Neisha Crosland on French interiors and vintage textiles
The surface designer talks to Rachel Nott about her passions for exotic textiles and relaxed French style
When we bought our house in 1994 it was a small garage set in an old walled cobblestone courtyard. It was originally a working mews that would have stabled the horses and carriages to service the local villas. In the 19th century, small houses were built in the mews but they were destroyed in the Second World War. We did the house in two phases and finished in 2007. I fell in love with the higgledy-piggledy feel of it – it had the potential to be developed and was enclosed by redbrick walls, a bit like a derelict nursery garden. It was a blank canvas to create something new.
The oldest piece in my home is a Roman pot my step-brother gave me, while the newest is a Howard armchair in my study upholstered in yellow linen from C&C Milano. Top of my interiors wishlist is a beautiful suzani to hang in the dining room where there is an empty space just waiting for it. The Afridi Gallery in London has gorgeous examples. Or perhaps an exquisite 18th-century Gujarat embroidery, or a beautiful antique Persian rug…
My go-to paint colour for my walls is Slipper Satin or Shaded White from Farrow & Ball. I would describe my interiors style as a mixture. I was inspired by the famous French antiques dealer and interior designer Madeleine Castaing for a few rooms, but I am longing to do a house in France with very simple style, lots of space, not much in it and plenty of natural light – wooden floors, white walls and comfortable sofas.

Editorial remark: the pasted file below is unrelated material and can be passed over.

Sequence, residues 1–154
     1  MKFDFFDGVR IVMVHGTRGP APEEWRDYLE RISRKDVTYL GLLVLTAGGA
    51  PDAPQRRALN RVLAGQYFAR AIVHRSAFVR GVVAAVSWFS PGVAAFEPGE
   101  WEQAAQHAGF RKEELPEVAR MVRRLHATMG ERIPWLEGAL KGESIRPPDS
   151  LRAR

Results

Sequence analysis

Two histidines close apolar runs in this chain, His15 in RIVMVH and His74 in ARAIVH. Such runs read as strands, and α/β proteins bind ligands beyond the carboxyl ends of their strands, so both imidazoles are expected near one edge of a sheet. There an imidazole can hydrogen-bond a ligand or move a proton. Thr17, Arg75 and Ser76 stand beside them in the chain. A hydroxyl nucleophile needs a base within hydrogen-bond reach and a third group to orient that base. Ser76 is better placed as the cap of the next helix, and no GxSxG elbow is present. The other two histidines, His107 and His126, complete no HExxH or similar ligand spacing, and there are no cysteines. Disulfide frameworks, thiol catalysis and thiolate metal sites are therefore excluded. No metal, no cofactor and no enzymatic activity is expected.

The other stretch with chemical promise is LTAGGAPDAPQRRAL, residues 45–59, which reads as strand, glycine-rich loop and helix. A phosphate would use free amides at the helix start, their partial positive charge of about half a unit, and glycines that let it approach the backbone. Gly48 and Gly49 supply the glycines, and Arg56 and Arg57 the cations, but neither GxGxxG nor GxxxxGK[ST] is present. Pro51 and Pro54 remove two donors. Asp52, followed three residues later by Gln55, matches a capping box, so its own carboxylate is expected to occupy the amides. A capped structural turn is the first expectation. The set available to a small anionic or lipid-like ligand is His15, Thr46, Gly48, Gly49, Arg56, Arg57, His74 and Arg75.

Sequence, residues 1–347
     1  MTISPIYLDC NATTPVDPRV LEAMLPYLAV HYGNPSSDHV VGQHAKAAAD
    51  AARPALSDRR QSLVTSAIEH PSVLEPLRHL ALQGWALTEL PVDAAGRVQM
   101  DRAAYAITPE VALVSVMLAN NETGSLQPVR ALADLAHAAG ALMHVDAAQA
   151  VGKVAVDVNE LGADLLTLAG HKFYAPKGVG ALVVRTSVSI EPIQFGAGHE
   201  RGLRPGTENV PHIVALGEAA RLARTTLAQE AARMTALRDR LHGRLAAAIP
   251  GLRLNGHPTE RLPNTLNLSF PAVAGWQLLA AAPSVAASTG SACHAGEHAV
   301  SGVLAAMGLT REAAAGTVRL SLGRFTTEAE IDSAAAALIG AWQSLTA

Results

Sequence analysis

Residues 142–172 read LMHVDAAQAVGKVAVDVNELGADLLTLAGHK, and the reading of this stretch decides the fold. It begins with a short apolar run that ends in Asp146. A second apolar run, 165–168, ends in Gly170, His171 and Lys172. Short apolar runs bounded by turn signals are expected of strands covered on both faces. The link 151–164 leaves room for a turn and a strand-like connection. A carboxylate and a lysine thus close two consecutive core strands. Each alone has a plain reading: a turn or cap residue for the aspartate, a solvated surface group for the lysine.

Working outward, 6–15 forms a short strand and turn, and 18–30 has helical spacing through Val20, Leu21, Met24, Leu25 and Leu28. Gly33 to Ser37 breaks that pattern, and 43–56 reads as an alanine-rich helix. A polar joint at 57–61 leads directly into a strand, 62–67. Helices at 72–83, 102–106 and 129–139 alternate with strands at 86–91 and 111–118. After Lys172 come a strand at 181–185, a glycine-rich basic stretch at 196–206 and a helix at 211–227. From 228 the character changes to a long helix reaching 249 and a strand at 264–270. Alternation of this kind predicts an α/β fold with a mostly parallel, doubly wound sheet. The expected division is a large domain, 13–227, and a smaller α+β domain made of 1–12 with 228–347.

I’ve recently turned an old design of mine – my first scarf – into an upholstery velvet with a Japanese spin. I take a lot of inspiration from 17th and 18th-century Japanese kimonos. I looked at floors in Italian Renaissance paintings for the Jigsaw tile collection I created with Artisans of Devizes. Right now I am looking at tropical fruits, Anglo-Japanese arts and crafts and 18th-century Gujarat embroidery, 18th-century Chinese royal robes and modernist Bauhaus. A fabric collection soon to be launched with Christopher Farr started with some block prints I did when I was a student at art school.
This autumn, Fine Cell Work is launching a collection of my designs in needlepoint, which got me looking at old Brussels weaves. My latest range for The Rug Company started with looking at marquetry, inlaid floors, game boards and yurt tent constructions. I also saw the Vasarely exhibition in Paris, which has sparked an interest in what can be done with subtle tonal changes in colour. With this mix of inspirations, the challenge is to unite them all into a cohesive collection of designs for each product.
My favourite places to shop are Robert Kime for cushions and lamps; Besselink & Jones for coloured silk shades; Guinevere; Christopher Howe; Rose Uniacke; linen at Volga and Once Milano. Now I really have everything I want until we get our dream French home, but I will always buy art.
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